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Arctic Freshwater Cycle Intensifies, Marks Warming

The amount of fresh water flowing through the Arctic as snow or rainfall, in rivers and other cycles is increasing, in agreement with model projections under a warming climate, according to a new study by University of Massachusetts Amherst hydrologist Michael Rawlins and colleagues from 18 other institutions in the United States, Norway and Finland.

The multi-year, multi-investigator synthesis of available data caps a five-year effort known as the Freshwater Integration study (FWI), funded by the National Science Foundation, which sought to answer fundamental questions about the Arctic system, foremost of which: Is the Arctic freshwater cycle accelerating or intensifying? Findings appear in the current, online issue of the Journal of Climate.

As Rawlins, manager of the Climate System Research Center at UMass Amherst explains, “The balance of evidence suggests that Arctic freshwater cycle intensification is occurring across the terrestrial Arctic. These observations are consistent with what models have suggested should occur with climatic warming.” Intensification is related to the atmosphere’s ability to hold more moisture as it warms.

However, he adds that though this study used the best available data, because of uncertainties such as sparse observing networks and “considerable variability” in the Arctic freshwater system, confidence in the overall conclusion must be seen as “somewhat limited.” Nevertheless, the study provides an important benchmark.

As the authors point out, “direct observations of the Arctic freshwater cycle are continually being updated and made available as well. Future analysis to update the assessments presented here will be an important contribution to the emerging body of evidence documenting Arctic hydrologic change.”

The analysis, which focused on changes over the past few decades, involved a synthesis of data collected over recent years. Specifically, Rawlins and colleagues found that five of six terrestrial precipitation data sets showed a trend toward increased precipitation, two being statistically significant. Also, all five evapotranspiration (the sum of water evaporated from water bodies and transpired from vegetation) data sets showed a positive trend, of which three were significant. Finally, all five of the Arctic river discharge records showed an increasing trend. These were significant for Eurasia, North America excluding the Hudson Bay drainage and the Arctic as a whole, defined as all land areas that drain to the Arctic Ocean.

The researchers note that, “Among all components, the long-term increase in river discharge from large Eurasian rivers is perhaps the most consistent trend evidencing Arctic freshwater cycle intensification.” Their analysis builds on a groundbreaking 2002 study which found the combined flow of the six largest Eurasian rivers increased by about 7 percent from 1936–1999. Rawlins and colleagues say recent positive trends in North American river flows suggest that riverine intensification “may now be pan-Arctic in extent.”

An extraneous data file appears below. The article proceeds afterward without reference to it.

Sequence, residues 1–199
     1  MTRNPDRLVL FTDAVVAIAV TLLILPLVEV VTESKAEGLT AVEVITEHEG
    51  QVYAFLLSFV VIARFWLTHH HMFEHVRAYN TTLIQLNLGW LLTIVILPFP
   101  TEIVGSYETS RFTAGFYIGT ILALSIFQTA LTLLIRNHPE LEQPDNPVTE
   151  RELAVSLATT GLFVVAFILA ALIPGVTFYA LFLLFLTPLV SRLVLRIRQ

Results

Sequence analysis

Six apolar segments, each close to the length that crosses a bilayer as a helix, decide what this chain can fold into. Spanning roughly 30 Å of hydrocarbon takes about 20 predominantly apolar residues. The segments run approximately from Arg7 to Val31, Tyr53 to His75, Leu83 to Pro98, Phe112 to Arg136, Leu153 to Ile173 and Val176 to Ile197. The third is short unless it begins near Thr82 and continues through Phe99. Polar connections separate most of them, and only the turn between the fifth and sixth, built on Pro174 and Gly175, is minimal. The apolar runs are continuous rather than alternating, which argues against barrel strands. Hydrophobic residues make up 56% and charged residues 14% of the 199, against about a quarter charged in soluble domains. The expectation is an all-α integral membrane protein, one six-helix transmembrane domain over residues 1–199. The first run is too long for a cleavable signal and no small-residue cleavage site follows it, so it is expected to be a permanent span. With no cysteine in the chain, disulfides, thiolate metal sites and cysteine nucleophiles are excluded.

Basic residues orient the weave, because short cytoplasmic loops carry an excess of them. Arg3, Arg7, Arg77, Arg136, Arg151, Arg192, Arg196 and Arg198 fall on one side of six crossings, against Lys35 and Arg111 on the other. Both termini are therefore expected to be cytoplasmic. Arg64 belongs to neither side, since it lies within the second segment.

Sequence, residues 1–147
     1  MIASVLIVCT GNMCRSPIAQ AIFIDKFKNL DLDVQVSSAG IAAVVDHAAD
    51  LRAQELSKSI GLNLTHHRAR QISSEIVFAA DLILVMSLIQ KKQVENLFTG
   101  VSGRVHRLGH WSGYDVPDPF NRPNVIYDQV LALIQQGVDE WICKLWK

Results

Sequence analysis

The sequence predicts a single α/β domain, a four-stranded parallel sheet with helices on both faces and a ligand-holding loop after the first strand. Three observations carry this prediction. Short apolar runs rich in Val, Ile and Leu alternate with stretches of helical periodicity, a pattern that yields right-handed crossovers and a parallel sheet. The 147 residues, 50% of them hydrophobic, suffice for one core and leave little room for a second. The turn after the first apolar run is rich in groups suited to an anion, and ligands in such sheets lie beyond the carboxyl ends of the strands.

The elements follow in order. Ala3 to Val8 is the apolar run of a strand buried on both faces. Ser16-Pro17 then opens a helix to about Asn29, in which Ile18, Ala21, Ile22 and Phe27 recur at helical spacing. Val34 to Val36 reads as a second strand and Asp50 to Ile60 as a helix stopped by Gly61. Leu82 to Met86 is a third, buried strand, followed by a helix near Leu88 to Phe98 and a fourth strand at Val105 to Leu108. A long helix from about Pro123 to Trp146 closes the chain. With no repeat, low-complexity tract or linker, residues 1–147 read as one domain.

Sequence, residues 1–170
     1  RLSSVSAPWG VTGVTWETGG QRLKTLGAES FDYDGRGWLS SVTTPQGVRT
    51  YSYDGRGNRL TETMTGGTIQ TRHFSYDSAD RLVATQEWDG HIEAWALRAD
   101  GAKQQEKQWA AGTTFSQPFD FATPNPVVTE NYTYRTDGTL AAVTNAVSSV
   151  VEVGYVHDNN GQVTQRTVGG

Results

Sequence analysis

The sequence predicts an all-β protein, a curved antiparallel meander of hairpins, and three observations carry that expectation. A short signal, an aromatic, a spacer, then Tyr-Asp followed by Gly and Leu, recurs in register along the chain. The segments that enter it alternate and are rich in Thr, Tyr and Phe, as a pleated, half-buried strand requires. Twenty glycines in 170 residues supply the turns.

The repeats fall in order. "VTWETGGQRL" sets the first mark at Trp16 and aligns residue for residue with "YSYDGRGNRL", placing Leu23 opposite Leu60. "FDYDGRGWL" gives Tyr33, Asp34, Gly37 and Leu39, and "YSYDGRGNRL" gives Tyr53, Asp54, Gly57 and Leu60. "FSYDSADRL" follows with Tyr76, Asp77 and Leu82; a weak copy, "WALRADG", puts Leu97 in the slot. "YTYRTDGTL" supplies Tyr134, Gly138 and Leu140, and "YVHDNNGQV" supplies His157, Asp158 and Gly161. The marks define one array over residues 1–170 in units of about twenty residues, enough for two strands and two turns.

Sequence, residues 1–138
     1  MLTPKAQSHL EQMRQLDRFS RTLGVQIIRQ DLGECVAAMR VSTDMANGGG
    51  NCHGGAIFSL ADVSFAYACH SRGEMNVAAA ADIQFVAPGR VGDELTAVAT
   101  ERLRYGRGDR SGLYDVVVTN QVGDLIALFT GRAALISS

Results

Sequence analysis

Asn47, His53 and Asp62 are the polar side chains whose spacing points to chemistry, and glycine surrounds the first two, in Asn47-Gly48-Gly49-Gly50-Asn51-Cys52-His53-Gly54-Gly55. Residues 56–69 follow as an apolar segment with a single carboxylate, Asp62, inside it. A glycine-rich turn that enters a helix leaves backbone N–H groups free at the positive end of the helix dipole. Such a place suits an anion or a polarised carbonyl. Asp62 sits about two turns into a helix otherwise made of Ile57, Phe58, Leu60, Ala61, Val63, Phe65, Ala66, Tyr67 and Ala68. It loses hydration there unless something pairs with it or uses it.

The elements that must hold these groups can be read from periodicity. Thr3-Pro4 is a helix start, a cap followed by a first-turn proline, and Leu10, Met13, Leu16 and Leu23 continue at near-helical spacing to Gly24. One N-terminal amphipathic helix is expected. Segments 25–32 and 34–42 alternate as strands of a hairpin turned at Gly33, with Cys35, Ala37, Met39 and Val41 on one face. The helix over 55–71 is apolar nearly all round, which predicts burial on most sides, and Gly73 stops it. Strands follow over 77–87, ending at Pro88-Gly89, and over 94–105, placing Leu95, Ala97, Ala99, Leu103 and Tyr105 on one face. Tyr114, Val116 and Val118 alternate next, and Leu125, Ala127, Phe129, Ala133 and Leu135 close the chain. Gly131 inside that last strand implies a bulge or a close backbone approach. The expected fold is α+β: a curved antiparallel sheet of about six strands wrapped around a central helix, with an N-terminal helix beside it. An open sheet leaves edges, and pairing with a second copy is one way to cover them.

While the available data show intensification on the terrestrial side, no clear evidence suggests intensification in flows or the amount of freshwater within the Arctic Ocean. However, many processes control ocean freshwater content including circulations which cyclically build up and export the water. Overall, Rawlins notes, the Arctic Ocean is predicted to become fresher as precipitation and river flows to the ocean increase, and as sea ice melts, but available data do not confirm this.

Freshwater cycle intensification could have important implications for processes and cycles not only in the Arctic, but beyond. Changes in terrestrial Arctic hydrology may alter land-surface flows of carbon dioxide and methane, both of which are potent greenhouse gases. And, as Rawlins notes, “Freshening of the Arctic Ocean could potentially slow down the global thermohaline circulation, which is understood to be an integral component of Earth’s climate system.” Thermohaline refers to water temperature and salt concentration, which help to determine sea water density.

Future studies of the Arctic system should benefit greatly from better data sets and models, Rawlins says. “The science is constantly improving,” he notes. “Where we worked with nine models, we'll soon be able to repeat this analysis with twenty or more. And the models are getting more accurate all the time, with improved representations of key physical processes and higher spatial resolutions.”

In particular, as a terrestrial hydrologist, Rawlins is interested to break down the data by season and by region to confirm suspicions about how snowfall increases and recent losses of sea ice may be contributing to the observed freshwater trends.

Janet Lathrop | Newswise Science News
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